Accordingly, the sensing valve 40 and regulator valve 42 should each have a sufficiently stiff spring 51 and/or sufficient preload force (installed force) to resist the combined vacuums of the vapor pump 28 and any venturi effect from refueling a non-ORVR vehicle. Moreover, as briefly described above, because the regulator valve 42 has a higher spring stiffness and/or preload force than the sensing valve 40, as long as the sensing valve 40 does not close, the regulator valve 42 will not close.
The regulator valve 42 may regulate or control the vacuum applied by the vapor pump 28. For example, in one embodiment the regulator valve 42 is configured to regulate the vacuum applied by the vapor pump 28 between about a pair of threshold valves. More particularly, when the vacuum applied by the vapor pump 28 increases over a first threshold value (i.e. about—20 inches water column gage in one embodiment) the regulator valve 42 shifts away from its fully open position (due to vacuum forces exerted thereon), thereby restricting the vacuum in the intermediate path 46 and reducing the vacuum applied to the sensing valve 40. If the pressure applied by the vapor pump 28 increases above a second threshold (i.e. about—30 inches water column in one embodiment, or about—40 inches water column in another embodiment) the regulator valve 42 moves to its fully closed position. In this case, the intermediate path 46/and sensing valve 40 are generally isolated from the vapor recovery pump 28, although some vacuum from the vapor pump 28 may be applied to the intermediate path 46/sensing valve 40 across the leakage path 58 of the regulator valve 42. In this manner, the regulator valve 42 maintains a vacuum on the sensing valve 40 within a desired ranged.
Besides maintaining a desired vacuum range on the sensing valve 40, the regulator valve 42, together with the vents 50, 52, may provide the additional benefit of regulating pressure in the vapor boot 30 to avoid premature nozzle shutoffs. In particular, as noted above, the opening 64 of the shutoff conduit 62 is positioned in the vapor boot 30, and can communicate a vacuum from the fill pipe/bellows interface to the nozzle automatic shutoff diaphragm (i.e. in one embodiment, about—13 inches water column gage vacuum will shift the automatic shutoff diaphragm). During a vapor collapse event, the vapor collapse occurring in the vehicle tank 12 may apply a vacuum which, in combination with the vacuum from the vapor pump 28, is sufficiently high to trigger automatic shutoff. However, in the embodiment shown in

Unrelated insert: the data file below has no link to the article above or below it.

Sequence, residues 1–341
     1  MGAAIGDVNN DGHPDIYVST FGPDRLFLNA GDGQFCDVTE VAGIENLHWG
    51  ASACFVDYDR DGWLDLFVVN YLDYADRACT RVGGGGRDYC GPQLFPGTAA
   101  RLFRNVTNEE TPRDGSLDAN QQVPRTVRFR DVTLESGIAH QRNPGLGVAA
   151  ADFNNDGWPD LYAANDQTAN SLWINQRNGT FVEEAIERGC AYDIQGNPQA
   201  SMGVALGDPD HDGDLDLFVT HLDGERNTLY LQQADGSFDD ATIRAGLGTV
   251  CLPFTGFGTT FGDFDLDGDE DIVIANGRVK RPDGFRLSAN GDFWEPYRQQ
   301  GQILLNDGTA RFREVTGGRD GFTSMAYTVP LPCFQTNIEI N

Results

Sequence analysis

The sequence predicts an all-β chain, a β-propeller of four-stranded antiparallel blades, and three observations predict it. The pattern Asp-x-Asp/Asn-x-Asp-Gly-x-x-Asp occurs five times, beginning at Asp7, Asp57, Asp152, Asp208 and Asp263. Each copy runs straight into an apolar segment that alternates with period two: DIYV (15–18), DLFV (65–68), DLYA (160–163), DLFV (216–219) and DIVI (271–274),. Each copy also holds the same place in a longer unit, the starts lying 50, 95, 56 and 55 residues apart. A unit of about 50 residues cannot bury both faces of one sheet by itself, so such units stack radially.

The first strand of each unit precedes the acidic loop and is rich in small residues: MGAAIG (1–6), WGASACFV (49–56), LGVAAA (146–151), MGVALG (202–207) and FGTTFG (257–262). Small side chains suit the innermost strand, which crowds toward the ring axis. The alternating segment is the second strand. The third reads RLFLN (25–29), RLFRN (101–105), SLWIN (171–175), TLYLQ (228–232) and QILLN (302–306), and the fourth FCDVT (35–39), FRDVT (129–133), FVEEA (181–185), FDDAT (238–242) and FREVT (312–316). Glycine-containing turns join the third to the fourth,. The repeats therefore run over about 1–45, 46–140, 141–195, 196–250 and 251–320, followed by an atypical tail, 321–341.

In sum, in the vapor recovering state shown in
When the sensing valve 40 is closed, the vacuum applied by the vapor pump 28 is essentially entirely closed or “dead-headed” at the sensing valve 40, thereby causing significantly increased vacuum pressure (i.e. substantially the entire vacuum force of the vapor pump 28) to be applied to the regulator valve 42. This high vacuum force thereby causes the regulator valve 42 to shift from its open position, to a fully or partially closed position, depending upon the vacuum applied by the vapor pump 28. The valves 40, 42 are shown in their closed positions in
As noted above, the bellows 30 may be generally continuous, and lack any holes or vents formed therein (i.e. holes or vents having a total surface area of greater than about 0.15 mm2). The closed nature of the bellows 30 may help to improve the sensitivity of the sensing valve 40. In particular, if the bellows 30 were to be vented, the vacuum of the ORVR system would be diluted by air pulled through the vents in the bellow 30, thereby making the presence of the ORVR system be more difficult to detect. In the present system, the sensing valve 40 may be able to more easily sense the ORVR system, and then close accordingly.
When the sensing 40 and regulator 42 valves are closed, the vehicle fill pipe 15 is generally fluidly isolated from the vacuum generated by the vapor pump 28. However, because the vapor pump 28 continues to operate, some vapor/air is pulled across the leakage paths 58 of the sensing valve 40 and the regulator valve 42. Fresh air also enters into the vent path 48 by the vents 50, 52. Moreover, since the regulator valve 42 is typically fully or partially closed during ORVR refueling, the always open secondary vent 52 is more fully opened, which allows additional air to enter the vent path 48 through the always open secondary vent 52 than during non-ORVR refueling. Restricted amounts of fresh air may thus flow to the vapor pump 28/underground tank 20 across the leakage paths 58 of the valves 40, 42. However, the vents 50, 52 and/or leakage paths 58 may be sized to allow only a limited amount of fresh air to flow to the vapor pump 28/underground tank 20 during non-ORVR refueling.